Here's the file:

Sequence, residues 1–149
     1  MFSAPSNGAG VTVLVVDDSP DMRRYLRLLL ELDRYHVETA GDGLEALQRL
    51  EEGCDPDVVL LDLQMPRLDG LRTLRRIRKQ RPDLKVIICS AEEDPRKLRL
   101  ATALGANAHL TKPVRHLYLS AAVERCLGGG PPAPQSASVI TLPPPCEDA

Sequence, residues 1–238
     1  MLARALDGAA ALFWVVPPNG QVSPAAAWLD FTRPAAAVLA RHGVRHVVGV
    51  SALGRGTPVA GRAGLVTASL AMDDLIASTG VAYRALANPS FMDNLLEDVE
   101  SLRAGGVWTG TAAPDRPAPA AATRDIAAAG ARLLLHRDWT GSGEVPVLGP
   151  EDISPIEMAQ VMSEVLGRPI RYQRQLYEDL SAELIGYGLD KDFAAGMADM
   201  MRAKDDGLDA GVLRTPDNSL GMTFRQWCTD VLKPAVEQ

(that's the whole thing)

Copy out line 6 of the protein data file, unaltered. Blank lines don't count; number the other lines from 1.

     1  MLARALDGAA ALFWVVPPNG QVSPAAAWLD FTRPAAAVLA RHGVRHVVGV